UK Regulator Sounds the Alarm over Crypto Clone Company
Alph Capital falsely claims to be an officially registered company, aiming to steal investors’ money, the FCA has said.
The UK Financial Conduct Authority (FCA) has added a new cryptocurrency-related company to its list of clone firms. Alph Capital uses details of an FCA-registered entity with the goal to lure trusting investors, the regulator has warned.
Alph Capital clones Alph Capital Limited, a London-headquartered investment company, the FCA said on Friday. The fake enterprise claims to be based in London but targets French-speaking investors. It offers trading in euro for Bitcoin (BTC), Ethereum (ETH), Bitcoin Cash (BCH), XRP (XRP), Litecoin (LTC), NEM (XEM), Dash (DASH), IOTA (MIOTA), and Monero (XMR). Alph Capital says that Visa, MasterCard, American Express, PayPal, and Discover support its services. However, the logos of those payment processors are static and do not redirect to their websites, which is the standard practice in similar partnerships.
“Fraudsters are using or giving out the following details as part of their tactics to scam people in the UK: Alph Capital (clone of FCA authorised firm). Address: 10 Brick Street, London, W1J 7HQ. Website: https://www.alph-capital.com. Be aware that the scammers may give out other false details or mix these with some correct details of the registered firm,” the FCA warning notice says.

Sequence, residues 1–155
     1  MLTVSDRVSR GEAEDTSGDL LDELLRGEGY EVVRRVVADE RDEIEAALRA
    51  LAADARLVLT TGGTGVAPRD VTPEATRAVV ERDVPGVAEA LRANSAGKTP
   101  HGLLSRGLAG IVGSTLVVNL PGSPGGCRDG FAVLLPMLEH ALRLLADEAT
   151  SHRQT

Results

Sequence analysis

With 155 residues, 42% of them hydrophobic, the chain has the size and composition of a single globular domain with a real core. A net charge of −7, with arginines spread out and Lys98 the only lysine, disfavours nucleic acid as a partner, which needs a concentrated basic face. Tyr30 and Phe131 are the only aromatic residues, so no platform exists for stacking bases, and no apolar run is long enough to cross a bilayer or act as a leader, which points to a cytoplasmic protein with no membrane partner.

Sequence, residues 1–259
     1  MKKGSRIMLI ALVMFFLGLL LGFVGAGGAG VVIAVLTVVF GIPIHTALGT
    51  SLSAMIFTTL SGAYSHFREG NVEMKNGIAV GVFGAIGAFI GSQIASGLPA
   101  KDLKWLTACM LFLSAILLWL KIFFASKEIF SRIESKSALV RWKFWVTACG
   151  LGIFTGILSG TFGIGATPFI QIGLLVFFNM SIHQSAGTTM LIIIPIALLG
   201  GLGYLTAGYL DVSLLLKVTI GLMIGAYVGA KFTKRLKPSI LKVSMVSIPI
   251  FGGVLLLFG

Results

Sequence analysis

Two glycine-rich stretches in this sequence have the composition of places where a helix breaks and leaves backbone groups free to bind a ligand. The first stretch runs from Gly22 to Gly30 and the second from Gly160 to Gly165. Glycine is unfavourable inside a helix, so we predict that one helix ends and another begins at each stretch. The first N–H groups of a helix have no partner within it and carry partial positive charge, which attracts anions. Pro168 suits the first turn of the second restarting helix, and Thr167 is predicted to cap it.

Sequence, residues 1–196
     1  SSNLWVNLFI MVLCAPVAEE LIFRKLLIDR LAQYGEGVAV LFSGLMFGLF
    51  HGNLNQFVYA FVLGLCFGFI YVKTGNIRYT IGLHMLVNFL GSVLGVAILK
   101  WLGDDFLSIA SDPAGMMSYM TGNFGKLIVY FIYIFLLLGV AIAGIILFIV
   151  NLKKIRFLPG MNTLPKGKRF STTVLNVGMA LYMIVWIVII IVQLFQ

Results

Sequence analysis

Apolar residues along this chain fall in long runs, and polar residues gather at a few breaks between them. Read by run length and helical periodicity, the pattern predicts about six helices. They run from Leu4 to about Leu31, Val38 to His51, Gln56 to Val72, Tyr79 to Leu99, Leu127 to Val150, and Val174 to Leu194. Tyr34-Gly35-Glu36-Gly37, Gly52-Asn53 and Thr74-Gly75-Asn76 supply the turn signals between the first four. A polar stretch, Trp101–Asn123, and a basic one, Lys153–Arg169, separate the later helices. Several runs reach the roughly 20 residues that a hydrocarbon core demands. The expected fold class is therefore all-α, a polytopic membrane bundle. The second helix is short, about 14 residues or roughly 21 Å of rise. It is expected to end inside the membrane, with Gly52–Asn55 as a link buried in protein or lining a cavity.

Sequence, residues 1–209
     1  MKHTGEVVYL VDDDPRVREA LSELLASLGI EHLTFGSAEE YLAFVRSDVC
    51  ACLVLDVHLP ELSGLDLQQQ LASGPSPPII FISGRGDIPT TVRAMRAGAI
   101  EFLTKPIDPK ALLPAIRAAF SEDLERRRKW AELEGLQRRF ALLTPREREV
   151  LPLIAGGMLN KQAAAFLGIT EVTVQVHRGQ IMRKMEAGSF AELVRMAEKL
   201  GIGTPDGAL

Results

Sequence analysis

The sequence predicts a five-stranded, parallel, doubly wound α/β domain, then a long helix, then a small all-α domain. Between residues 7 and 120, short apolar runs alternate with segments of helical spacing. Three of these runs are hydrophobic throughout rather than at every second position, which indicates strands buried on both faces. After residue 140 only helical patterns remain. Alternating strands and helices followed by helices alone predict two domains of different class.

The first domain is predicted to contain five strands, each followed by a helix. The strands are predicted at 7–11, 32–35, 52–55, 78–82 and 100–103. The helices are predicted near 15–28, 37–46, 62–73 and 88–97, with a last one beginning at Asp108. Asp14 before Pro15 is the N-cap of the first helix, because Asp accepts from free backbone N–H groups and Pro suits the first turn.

According to the regulator, imitation of real authorization is one of the new illegal schemes as fraudsters seek to steal money from investors with models that are different from traditional ones. In the cloning scheme, criminals use a reference number (FRN) and other similar details from the FCA register to convince citizens that their business is genuine.
UK laws oblige companies that advertise, promote, and sell any investment product to possess an official permit from the market agency. To verify the FRN, investors can check it by calling 0800 111 6768.
“You should access the Register directly from register.fca.org.uk rather than through links in emails or on the website of a firm offering you an investment. Also check the address of our website is correct and there are not subtle changes that mean it is a fake,” the FCA says in its clone protection guidance.